This post continues the discussion of antibiotics and their overuse. Antibiotic resistance is increasing due to misuse of antibiotics (or antimicrobials), and this is occurring throughout the world (post with video of how superbugs evolve). This is because bacteria are constantly evolving against the antibiotics they're exposed to. We may reach a point where simple cuts or infections could lead to death because no antibiotics will work. The World Health Organization (WHO) in 2016 said that bacterial resistance to antibiotics is “one of the biggest threats to global health." Especially scary are the bacteria resistant to numerous antibiotics - the superbugs.
According to the CDC: "Each year in the United States, at least 2 million people become infected with bacteria that are resistant to antibiotics and at least 23,000 people die each year as a direct result of these infections."
Part of the problem is that farmers are still giving antibiotics (antimicrobials) to farm animals unnecessarily, typically as "growth promoters" or to try to prevent disease. Currently about 80% of all antibiotics used in the US are given to livestock animals (of which nearly 70 percent of those used are considered “medically important” for humans). But what is typically ignored is that farmers also use antibiotics, or antimicrobials, on crops (plant agriculture). In both instances - conventional farming uses antibiotics, but NOT organic farming. Another reason to support organic farming and to eat organic foods.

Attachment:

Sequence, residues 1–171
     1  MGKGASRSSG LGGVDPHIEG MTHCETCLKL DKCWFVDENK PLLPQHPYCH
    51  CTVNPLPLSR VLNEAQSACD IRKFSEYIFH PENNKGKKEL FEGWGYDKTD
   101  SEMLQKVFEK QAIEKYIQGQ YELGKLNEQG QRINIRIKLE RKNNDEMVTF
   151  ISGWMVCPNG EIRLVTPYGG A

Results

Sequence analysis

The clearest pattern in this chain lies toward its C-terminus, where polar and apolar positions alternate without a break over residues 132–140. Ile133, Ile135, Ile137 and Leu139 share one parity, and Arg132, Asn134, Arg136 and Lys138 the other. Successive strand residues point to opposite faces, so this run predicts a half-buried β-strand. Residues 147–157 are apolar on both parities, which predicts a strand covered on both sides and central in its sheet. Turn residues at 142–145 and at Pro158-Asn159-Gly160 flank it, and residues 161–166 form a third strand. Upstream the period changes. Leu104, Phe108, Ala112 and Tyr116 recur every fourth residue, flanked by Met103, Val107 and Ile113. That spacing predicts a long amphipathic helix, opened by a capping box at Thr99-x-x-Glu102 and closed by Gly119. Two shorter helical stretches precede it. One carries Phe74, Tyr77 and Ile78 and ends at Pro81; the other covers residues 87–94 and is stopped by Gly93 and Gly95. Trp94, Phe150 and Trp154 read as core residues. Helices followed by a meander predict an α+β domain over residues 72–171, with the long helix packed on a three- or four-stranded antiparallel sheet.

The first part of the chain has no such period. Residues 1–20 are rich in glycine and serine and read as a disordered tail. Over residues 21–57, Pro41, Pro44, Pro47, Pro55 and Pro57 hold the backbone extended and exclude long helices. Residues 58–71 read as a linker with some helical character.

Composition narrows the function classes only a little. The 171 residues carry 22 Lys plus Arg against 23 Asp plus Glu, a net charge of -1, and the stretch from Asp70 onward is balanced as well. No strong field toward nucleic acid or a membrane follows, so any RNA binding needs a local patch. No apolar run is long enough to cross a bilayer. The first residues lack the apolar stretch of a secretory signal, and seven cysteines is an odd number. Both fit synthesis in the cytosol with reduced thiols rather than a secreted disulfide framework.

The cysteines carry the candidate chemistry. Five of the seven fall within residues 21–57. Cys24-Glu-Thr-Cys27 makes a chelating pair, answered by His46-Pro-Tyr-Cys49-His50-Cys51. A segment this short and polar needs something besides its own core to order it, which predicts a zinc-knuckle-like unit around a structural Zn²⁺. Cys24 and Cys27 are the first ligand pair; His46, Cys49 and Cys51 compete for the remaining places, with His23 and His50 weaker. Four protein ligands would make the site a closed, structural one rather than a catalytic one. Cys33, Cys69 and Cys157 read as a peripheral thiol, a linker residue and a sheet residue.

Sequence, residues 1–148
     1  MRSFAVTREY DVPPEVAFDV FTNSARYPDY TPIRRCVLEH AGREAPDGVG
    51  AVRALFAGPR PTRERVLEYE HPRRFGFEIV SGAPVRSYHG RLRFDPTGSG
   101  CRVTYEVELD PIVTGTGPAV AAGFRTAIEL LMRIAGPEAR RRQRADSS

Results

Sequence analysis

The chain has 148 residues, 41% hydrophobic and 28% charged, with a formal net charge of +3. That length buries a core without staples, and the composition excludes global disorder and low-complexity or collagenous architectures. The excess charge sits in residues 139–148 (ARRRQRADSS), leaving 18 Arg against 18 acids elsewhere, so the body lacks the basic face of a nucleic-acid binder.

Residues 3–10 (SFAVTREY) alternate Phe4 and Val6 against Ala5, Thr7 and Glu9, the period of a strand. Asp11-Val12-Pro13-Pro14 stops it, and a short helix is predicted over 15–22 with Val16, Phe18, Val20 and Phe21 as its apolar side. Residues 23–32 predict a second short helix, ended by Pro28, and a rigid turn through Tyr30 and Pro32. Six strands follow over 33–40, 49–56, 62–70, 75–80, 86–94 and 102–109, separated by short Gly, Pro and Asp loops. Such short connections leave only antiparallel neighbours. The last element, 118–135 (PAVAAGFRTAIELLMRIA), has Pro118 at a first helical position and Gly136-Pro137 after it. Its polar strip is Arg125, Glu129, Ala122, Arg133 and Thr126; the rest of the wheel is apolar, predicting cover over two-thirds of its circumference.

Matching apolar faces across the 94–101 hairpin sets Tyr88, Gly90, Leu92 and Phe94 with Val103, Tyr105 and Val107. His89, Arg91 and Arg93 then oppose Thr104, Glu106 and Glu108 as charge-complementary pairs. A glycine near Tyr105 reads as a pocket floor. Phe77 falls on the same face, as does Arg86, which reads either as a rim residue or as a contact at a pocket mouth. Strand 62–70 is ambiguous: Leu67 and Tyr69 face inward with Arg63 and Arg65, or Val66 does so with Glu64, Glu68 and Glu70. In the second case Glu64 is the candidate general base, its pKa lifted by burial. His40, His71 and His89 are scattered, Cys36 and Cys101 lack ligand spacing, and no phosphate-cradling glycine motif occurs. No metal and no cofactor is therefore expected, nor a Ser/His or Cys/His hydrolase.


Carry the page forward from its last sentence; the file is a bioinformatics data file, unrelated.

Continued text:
The nonprofit organization Beyond Pesticides has just released a report discussing antibiotic use in conventional farming (both crops and animals), and how this is contributing to "bacterial resistance to critical life-saving human medicines", and also how organic farming does not use antibiotics. The report discusses that while antibiotic use in animal agriculture is widely acknowledged as harmful, the use of antibiotics in conventional crop production is also harmful. Antibiotics are used because plants can get bacterial diseases (e.g.,bacterial canker, soft rot, and bacterial wilt) The report even discusses fish farming, how antibiotics are used routinely in seafood imported from other countries, and also how some fungicides are used as antibiotics (to "manage" or kill bacteria).
What antibiotics are used in agriculture? For starters - glyphosate (in the pesticide Roundup), which is the most widely used pesticide in the world. Glyphosate is patented by its manufacturer (Monsanto) for its antibacterial properties - thus an antibiotic. As a result, glyphosate is the most widely used antibiotic in agriculture and around homes, gardens, schools, and communities in the U.S. Other antibiotics used widely in farming (especially for fruit trees) are oxytetracycline and streptomycin - which are used in the production of apples, pears, peaches, beans, celery, peppers, tomatoes, and potatoes. The government allows antibiotic residues to remain on the foods ("tolerances for residues on foods") when we buy them in grocery stores.
The report also points out that: The main health impacts of antibiotic residues in food are the promotion of antibiotic resistance and disruption of the microbiota in the human gut. Which means that the microbial communities in our gut can be affected in a negative way. It's well worth reading the 7 page easy to read report - with lots of photos, graphs, and good explanations. Beyond Pesticides: Agricultural Uses of Antibiotics Escalate Bacterial Resistance